A migraine-inducing topic...;-)
Posted by Mylan on July 28, 1998 at 19:08:27:
In response to "Literary Theory", written by Erin on July 27, 1998 at 18:10:27
] The genesis of this post came out of the on-going debate about certain aspects of P&P, with opposing sides ultimately debating over what constitutes 'legitimate' interpretations of the text. Since P&P is a vary busy board, and this topic reaches outside of its scope, I thought we'd bring it over here. Enjoy!
So this is where you all went! Are we supposed to decide which theory is to be the legitimate interpretation or is this a show of hands to see how many followers each school of thought has?
I have read the essay, and after a couple of tylenol, has slowly regained my senses and now trying to figure out what school I belong to. (Actually I belong to the Kierkegaardian school of thought: "The truth that is true to me!" :-)
However, after some ponderings, I saw that the way I interprete Austen, (especially P&P) is a combination of parts of these theory:Aristotelian: "...assumes that an author's various purposes should be consistent with one another and that every element of a work - plot, character, style, and so forth - should contribute to those purposes, not frustrate or divert attention from them."
(In P&P context, the character of Lizzy frustrated me since her actions were not consistent with her purpose. As well, JA's purpose was to paint a strong-willed Lizzy, yet it did not come across to me as such if she was indeed indifferent toward Darcy).Current controversies: "...Its crucial assumption is that literature is "constructed" not by authors but by environmental influences, and that neither authors nor readers can "transcend" such influences."
I agree with this to a certain extend. I have always believe JA was a product of her environment - she might have some rebellious streaks, but as a whole, she very much believed in her era, and ultimately, its definition of a woman's purpose in life (all of her heroines married at the end of the novels). JA's lifetime was confined to her little corner of the world, she might have exceptional insights into human's peculiarities, but could she has intended for a reader to think a marriageable female could be so free from ignoble thoughts regarding a potential suitor (a concept which is readily accepted these days) just because he snubbed her? Given a time when marriage was on the top of the "to do" list...
Even though I am partial to the New Criticism school in that the richness of the literary text itself is also important, I do not wish to disregard the circumstance in which the work was written, based on my belief above.
Since I haven't read Hirsch's work yet, those question that Cox raised bothered me too, so I can't really comment on the Chicago School of critism.
(I read something on Kierkegaard a while ago that I am in agreement with. It is that according to Kierkegaard (sp?) when a person says that his thought conforms to the thing that he is comprehending, and then identify thinking with being, without being aware of the process that was required to fully understand the object in question, then he just deceive himself. In my understanding of the statement, this fits Lizzy quite well. She thought she hated Darcy because it conformed with what she knew of him, she then assumed that because she thought so, it must be a reality. At that point I, as a reader, thought the same as well, but we are both deceiving ourselves, because when we were made aware of the process of understanding Darcy's character, we are no longer being deceived. Please understand that I do not want to interpret P&P in term of Kierkegaard, only try to identify some of my thought proccess that lead to my present understanding of P&P :-)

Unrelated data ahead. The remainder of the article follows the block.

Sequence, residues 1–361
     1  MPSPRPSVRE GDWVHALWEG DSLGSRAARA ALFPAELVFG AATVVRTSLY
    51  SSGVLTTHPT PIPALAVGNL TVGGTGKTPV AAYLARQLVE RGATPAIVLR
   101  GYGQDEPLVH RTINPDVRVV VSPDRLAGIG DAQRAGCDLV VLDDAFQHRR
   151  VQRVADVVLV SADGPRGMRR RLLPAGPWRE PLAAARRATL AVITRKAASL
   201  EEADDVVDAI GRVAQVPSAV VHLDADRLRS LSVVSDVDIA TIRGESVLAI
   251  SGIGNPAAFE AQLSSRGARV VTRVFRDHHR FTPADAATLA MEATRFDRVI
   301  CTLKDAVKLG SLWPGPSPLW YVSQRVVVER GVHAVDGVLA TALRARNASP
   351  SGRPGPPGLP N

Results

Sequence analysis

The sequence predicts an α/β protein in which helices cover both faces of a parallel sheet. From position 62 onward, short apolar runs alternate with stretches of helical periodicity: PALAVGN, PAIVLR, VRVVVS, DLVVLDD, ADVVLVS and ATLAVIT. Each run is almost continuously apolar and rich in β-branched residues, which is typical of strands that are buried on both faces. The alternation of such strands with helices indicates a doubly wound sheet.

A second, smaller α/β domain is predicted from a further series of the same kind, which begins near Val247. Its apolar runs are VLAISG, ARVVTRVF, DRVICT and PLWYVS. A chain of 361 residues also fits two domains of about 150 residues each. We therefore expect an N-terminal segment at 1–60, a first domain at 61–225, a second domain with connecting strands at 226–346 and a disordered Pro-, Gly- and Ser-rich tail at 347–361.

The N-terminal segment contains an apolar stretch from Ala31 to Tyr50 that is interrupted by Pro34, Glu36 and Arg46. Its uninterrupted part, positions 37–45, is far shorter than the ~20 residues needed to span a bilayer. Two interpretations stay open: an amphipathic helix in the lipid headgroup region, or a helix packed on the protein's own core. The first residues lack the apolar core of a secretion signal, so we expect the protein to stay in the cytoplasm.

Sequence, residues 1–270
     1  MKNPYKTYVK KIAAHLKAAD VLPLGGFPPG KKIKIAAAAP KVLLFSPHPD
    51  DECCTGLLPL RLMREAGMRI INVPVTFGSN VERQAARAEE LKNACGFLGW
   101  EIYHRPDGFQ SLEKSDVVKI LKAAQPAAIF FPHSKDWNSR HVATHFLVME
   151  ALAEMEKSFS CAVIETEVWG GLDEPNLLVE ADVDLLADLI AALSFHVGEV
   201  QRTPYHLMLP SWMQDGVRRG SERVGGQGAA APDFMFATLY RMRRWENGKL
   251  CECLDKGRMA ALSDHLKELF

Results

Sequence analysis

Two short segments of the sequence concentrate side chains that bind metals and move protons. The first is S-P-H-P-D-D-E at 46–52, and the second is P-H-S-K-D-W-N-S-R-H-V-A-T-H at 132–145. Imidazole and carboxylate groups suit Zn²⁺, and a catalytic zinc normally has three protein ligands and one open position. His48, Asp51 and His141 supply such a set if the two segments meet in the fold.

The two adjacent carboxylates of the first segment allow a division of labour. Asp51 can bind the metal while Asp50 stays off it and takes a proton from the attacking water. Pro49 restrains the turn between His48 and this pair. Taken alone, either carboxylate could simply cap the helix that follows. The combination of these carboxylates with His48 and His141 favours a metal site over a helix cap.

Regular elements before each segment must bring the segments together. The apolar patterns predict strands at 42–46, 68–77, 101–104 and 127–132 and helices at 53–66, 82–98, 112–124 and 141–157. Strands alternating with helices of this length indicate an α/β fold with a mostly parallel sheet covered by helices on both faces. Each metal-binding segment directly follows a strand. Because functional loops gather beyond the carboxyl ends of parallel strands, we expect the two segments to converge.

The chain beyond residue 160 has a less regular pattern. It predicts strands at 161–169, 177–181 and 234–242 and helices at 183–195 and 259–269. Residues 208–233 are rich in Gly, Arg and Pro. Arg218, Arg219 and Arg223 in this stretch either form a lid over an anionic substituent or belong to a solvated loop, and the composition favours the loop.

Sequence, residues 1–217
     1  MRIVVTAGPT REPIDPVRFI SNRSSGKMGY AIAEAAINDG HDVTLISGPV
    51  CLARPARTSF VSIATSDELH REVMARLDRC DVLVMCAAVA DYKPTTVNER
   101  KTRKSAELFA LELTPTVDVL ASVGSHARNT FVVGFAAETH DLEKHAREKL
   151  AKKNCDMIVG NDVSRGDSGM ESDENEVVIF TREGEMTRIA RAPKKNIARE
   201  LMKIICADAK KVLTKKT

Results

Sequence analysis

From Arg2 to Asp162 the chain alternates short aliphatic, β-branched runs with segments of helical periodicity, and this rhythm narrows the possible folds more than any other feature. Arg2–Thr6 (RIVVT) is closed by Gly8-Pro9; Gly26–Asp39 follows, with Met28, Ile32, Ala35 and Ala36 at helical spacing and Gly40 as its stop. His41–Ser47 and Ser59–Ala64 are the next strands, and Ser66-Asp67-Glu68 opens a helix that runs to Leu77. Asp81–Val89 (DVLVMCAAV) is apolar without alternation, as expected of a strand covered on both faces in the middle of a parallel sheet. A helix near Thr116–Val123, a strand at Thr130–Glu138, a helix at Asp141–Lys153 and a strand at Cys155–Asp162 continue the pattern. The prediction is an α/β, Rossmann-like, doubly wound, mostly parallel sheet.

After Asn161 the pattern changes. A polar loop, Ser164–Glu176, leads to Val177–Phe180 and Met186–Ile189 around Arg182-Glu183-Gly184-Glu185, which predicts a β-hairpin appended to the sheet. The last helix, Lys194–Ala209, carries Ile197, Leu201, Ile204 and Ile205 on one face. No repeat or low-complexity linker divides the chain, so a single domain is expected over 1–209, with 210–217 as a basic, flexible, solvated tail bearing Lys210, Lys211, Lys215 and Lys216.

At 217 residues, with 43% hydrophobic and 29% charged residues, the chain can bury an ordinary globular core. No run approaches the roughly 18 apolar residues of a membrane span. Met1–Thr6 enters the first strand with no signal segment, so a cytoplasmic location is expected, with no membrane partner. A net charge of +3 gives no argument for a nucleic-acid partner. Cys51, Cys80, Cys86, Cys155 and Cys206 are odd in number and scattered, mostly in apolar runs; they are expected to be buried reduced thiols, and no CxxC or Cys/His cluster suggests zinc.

So then to conclude, I have no idea what school I belong to, I only know that I arrived at my conclusion by assimilate ideas from various school (which I only know the names of today;-) So I must be reasonably sane, since I do agree with some great literary figures! I do not know what JA's intention was, (except for the moral lessons), since whatever I was told as JA's intention were assumptions and inferences from other people as well. Her "text" were "rich" to the point that two people reading the same sentence would understand it in two different ways. I don't think we can decide on who has the right interpretation, because, like Cox said," ultimately, literary theory is about the human mind and its processes of communication. It is about our ability to understand what people say, write, and mean." So to say "The way I interpret this is right, therefore, you must be wrong" is almost like saying: "There is something the matter with your mind!" And I like to think that there is nothing wrong with any of the minds here ;-)
- Migrane-inducing consequences of negating authorial intentions Joan, too 22:30:37 7/28/98 (4)
- Migrane-inducing consequences of negating authorial intentions Joan, too 22:28:45 7/28/98 (0)
- ... Erin 21:56:17 7/28/98 (1)
- Ambiguous antecedents Joan, too 22:41:11 7/28/98 (0)
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